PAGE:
The couple settled in for the long negotiation, with possible changing negotiators and high pressure. That didn’t happen. They were actually able to work with the same sales person all the way through. She did have to run the deal past a superior, which is where things went wrong.

K had already noticed that when she located a car online they listed an “internet price.” The MSRP appeared on the car window, several thousand dollars more, but there was a sale price that more closely matched the internet price. The explanation for the reduced price was manufacturer incentives that changed periodically. This seemed reasonable to the couple, but they were shocked when the paperwork came back…
* based on the MSRP
* reflecting only some of the incentives
* gave a small amount for her trade in
* showed a $5,000 additional cash down payment
* and had a much higher interest rate quoted (5.99%)

The couple had stated that they knew what their trade in was worth and if the dealership couldn’t offer that, they’d sell the car themselves and provide a $5,000 down payment. The dealership’s explanation was that you either got the lower price or the low interest rate. The dealership improved their initial value of the trade in, but the couple was out of time and rather than make a rushed decision or prolonged negotiation they walked away from the deal.

Exhausted and frustrated, the busy couple went home to talk over their options. They found several new and used vehicles of the same make and model they’d loved, with a better price and at that same dealership. They simply ran out of time and energy before they really explored their options once they widened their search to include larger sedans.

Day 5:

K’s anxiety over the purchase process had returned though. Her husband didn’t share her concern and felt they should state their conditions and if they dealership could meet them then they’d buy—if not they’d walk away again.

The couple revisited the first dealership and located a cross over version of the car the “under water” car. It was larger, nicer and both of them fit behind the wheel. However, K’s husband saw the fuel economy (15 city, 20 highway) and ruled it out. One of the big limiting factors of their new car was that it needed to be a daily driver for K.

K’s husband began searching online and also enlisted the services of a “free car finder.” The online search yielded some great possibilities but it turned out that K’s bank would only loan on a car through a dealership. In the Kicker’s opinion the bank simply needed to require a third party inspection to verify the current value of the vehicle, but…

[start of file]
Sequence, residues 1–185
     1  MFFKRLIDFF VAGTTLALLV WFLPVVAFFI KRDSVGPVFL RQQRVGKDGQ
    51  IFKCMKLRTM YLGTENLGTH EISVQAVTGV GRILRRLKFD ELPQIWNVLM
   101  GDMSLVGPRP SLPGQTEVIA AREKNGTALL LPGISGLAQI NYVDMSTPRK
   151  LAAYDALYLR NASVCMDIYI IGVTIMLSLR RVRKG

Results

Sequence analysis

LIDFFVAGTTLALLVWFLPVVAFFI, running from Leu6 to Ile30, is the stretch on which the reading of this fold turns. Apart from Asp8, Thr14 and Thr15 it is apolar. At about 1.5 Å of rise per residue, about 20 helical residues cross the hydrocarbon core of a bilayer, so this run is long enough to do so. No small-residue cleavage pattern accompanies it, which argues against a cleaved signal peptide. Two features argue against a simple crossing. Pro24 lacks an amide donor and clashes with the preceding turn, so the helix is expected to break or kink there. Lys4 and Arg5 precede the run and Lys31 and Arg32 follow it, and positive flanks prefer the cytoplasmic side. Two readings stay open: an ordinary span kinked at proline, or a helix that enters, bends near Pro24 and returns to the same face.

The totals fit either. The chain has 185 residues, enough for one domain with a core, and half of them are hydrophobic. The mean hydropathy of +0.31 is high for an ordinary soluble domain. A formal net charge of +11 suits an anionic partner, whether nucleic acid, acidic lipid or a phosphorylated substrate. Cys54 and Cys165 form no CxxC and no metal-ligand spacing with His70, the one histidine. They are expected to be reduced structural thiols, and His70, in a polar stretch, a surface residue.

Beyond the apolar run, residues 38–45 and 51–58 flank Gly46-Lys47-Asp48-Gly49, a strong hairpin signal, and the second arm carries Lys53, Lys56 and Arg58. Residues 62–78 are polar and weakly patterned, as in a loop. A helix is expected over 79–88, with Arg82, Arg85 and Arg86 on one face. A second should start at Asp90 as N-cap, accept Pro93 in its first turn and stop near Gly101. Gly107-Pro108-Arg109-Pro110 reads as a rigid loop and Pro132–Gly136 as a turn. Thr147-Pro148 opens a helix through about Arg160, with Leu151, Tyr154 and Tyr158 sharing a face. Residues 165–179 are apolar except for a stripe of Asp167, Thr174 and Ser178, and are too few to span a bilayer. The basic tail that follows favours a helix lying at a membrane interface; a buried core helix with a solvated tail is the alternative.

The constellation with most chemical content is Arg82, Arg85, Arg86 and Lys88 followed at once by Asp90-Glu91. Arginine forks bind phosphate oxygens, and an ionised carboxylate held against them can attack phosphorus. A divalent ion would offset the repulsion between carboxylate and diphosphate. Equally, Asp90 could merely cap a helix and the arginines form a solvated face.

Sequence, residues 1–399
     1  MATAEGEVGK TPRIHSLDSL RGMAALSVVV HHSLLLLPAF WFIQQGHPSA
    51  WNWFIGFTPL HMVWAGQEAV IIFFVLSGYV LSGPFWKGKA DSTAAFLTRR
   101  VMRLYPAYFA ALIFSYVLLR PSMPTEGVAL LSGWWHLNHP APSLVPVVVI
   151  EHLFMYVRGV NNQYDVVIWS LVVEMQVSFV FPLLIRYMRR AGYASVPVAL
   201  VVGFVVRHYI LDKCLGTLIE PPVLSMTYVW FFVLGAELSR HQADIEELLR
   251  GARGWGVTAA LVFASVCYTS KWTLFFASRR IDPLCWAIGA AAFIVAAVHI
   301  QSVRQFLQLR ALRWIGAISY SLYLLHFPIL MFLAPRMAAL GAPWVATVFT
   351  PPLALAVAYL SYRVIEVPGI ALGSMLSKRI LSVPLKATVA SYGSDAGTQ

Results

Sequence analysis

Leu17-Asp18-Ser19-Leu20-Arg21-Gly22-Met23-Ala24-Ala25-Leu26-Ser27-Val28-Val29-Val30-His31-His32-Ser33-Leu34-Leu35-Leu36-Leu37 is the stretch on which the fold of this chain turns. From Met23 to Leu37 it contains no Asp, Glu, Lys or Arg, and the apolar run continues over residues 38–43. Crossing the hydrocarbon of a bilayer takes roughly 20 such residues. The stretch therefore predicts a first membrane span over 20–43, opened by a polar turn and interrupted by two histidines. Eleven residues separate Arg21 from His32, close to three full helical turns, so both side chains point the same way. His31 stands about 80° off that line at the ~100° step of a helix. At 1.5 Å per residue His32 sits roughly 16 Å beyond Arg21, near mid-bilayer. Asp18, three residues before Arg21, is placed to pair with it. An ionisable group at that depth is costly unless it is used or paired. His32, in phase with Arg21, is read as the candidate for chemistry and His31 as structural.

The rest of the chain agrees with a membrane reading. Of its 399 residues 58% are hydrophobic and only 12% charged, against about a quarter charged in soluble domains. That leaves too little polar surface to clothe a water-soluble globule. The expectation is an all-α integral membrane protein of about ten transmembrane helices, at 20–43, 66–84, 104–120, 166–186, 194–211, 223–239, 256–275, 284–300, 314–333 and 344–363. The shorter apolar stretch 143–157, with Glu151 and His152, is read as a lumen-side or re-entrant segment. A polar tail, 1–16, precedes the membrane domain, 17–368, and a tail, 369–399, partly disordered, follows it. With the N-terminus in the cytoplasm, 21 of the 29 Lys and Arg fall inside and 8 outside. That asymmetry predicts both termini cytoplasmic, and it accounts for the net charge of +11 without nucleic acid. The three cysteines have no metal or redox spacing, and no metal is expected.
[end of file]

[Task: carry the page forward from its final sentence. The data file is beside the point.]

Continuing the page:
The Next Step:

Being open to sedans provided a whole new set of options and being restricted to dealerships required the couple to come up with some improved way to search for cars. They decided K would search for cars online but at dealerships on her breaks from work and her husband would take long lunches to visit cars she found and screen them out.

Recap of cars tested and rejected by the couple:

(The couple ruled out all truck and small cars because they didn’t feel they fit their needs.)

(K’s husband ruled out all GMC because he used to own stock in the company.)

(K’s husband ruled out all minivans because he refuses to drive one.)

(K ruled out any red car, because she hates the color.)

 Ford

Escape – K’s Husband didn’t fit

Edge – K didn’t fit

Transit Connect – Too expensive

Flex – too expensive

Explorer – too expensive

 Hyundai

Tucson – K’s Husband didn’t fit

Santa Fe – K’s Husband didn’t fit

 Mitsubishi

Outlander – K didn’t fit

Outlander sport – K’s Husband didn’t fit

 Nissan

Xterra – terrible fuel economy

Armada – terrible fuel economy

Murano – all around okay, but a little too expensive, not great fuel economy, not really comfortable to drive

Maxima – too expensive but would have to find the right used one

Altima – too expensive but would have to find the right used one

Subaru

Forester – too expensive but would love to find the right used one

 Acura

MDX – Terrible fuel economy

RDX – expensive but would love to find the right used one

 Toyota

Rav4 – all around okay, but a little too expensive, not great fuel economy, not really comfortable to drive

Venza – Sat in but didn’t test drive, may have worked but would have to find the right used one

* all results are the opinions of two ordinary car buyers and reflect only their experience